All plans have exclusions and limitations beyond the Pre-Existing Conditions Exclusion and the Mental and Nervous Limitation. They usually include disability due to:
• Declared or undeclared war
• Injury incurred while participating in the commission of a felony
• Work-related injury
• Substance abuse, although some plans will pay benefits provided the claimant is participating in an approved treatment program
• Self-inflicted injuries

Income Taxability of Benefits
Whether or not your benefits are subject to federal (and most states’) income tax depends on how the premiums were paid. Under those rules, either the premium or the benefits will be subject to income tax, but not both. Generally, this means:
• If the employer pays for the Long Term Disability plan, any benefits you receive will be income taxable.
• If you pay all the premiums with after-tax dollars, the benefits are not-taxable. If you pay the entire cost yourself either directly or through payroll deduction with dollars that will be included in your W-2, then the premiums are paid with after-tax dollars so the benefits are not taxable.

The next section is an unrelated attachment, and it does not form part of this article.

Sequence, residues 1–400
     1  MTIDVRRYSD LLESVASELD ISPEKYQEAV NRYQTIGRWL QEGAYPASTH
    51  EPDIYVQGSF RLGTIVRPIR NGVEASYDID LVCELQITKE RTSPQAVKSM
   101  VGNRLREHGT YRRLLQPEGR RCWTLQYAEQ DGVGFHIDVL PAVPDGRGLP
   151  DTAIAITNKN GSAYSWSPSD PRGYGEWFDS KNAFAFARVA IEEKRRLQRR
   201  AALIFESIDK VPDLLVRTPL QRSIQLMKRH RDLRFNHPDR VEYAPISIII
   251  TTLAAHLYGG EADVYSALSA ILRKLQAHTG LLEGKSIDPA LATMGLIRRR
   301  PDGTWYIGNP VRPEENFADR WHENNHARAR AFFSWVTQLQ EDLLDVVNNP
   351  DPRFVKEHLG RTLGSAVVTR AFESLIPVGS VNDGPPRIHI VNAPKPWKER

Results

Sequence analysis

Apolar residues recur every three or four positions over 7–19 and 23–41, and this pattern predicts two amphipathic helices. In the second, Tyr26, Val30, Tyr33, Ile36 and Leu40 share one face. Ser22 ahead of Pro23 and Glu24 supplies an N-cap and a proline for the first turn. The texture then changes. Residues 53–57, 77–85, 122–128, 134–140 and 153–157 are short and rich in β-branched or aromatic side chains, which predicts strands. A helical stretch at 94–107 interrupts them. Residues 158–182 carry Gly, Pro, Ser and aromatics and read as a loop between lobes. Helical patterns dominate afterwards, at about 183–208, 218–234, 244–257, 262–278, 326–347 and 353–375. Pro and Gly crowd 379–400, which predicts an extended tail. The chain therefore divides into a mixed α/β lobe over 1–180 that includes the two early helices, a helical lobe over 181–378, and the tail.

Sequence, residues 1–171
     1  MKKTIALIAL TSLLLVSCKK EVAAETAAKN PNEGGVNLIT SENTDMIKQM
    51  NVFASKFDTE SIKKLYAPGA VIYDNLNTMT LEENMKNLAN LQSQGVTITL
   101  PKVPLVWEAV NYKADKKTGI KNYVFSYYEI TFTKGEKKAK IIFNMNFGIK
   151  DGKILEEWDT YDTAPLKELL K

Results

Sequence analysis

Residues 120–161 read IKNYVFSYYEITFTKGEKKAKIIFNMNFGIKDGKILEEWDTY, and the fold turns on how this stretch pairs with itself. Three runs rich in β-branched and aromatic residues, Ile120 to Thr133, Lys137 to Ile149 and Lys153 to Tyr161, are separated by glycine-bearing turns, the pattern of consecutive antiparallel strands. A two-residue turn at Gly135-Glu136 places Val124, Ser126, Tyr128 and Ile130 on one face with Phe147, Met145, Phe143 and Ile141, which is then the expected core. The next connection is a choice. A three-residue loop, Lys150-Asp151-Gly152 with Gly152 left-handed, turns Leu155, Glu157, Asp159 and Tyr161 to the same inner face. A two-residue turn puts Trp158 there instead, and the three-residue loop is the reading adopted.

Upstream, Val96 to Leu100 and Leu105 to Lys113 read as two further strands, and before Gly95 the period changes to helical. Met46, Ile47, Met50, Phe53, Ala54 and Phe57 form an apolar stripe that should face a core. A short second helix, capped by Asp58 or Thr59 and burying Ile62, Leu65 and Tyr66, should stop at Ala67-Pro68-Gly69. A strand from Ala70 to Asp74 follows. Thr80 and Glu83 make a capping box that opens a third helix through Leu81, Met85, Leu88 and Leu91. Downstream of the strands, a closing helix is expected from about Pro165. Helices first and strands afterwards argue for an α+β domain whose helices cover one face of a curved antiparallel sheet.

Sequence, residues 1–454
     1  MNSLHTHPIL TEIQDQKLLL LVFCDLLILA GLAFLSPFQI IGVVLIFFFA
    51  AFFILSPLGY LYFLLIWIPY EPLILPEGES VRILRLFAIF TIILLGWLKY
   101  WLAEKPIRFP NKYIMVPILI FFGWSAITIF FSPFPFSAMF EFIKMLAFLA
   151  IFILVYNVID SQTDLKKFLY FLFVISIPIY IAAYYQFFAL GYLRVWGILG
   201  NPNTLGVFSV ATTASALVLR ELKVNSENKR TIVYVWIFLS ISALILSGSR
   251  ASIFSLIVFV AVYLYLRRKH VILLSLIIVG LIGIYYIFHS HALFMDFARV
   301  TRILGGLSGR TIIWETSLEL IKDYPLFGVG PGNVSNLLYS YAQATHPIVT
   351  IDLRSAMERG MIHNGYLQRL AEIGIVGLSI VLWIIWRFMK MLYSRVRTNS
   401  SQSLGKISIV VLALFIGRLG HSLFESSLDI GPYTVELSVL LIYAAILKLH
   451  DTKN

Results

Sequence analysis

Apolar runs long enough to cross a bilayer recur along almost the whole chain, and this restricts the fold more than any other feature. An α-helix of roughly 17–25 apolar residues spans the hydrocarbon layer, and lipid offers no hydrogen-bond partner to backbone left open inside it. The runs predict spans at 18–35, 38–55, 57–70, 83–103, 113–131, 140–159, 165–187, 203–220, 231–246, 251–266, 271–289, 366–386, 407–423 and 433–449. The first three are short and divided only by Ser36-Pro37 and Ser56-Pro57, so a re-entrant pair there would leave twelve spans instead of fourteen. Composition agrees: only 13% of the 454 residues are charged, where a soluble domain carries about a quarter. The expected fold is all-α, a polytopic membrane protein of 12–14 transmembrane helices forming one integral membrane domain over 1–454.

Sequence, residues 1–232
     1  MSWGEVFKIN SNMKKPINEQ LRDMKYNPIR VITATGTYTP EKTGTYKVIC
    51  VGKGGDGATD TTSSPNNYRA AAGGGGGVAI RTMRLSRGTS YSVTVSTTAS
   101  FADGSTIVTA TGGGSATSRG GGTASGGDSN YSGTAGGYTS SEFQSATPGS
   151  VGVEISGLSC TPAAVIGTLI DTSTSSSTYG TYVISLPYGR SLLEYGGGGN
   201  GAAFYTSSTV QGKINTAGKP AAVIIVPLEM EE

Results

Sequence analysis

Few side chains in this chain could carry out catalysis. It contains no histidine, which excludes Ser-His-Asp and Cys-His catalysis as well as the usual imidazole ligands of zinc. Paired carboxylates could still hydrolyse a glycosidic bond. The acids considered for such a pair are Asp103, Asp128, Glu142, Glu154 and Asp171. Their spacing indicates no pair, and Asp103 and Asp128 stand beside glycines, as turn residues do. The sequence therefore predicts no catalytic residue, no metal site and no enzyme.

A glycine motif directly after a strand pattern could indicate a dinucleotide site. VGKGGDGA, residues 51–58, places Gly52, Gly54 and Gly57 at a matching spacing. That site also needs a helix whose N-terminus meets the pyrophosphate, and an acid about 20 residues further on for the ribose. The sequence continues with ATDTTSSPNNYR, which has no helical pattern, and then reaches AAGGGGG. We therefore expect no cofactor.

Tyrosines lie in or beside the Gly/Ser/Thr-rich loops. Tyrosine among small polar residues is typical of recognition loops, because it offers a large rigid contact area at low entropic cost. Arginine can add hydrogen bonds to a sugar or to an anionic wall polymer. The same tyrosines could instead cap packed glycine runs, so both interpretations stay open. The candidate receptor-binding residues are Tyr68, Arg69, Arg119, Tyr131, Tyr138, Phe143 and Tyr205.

• If you pay a part of the premiums and your employer pays the remainder, you will only be taxed on the portion that your employer paid—in the same proportion as payment for the premiums. For Example: If your employer pays 70% of the premium and you pay 30% through payroll deduction, then 70% of each benefit check will be taxable and 30% won’t.

Group long term disability plans and individual disability income policies can be instrumental in supplementing other disability income that helps a disabled person and his or her family maintain some quality of life economically. But they are all legal contracts that need to be understood prior to accessing them. Understanding these policies should be an important part of your pre-disability planning.

[Jacques Chambers, CLU, and his company, Chambers Benefits Consulting, have over 35 years of experience in health, life and disability insurance and Social Security disability benefits. For the past twelve years, he has been assisting people with their rights, problems, and other issues concerning benefits and disability. He can be reached at or through his website at: ]

To read other articles on hepatitis C and benefits by Jacques click here

Copyright, October, 2004 - AttorneyMind / AttorneyMind www.hcvadvocate. All Rights Reserved. Reprint is granted and encouraged with credit to the AttorneyMind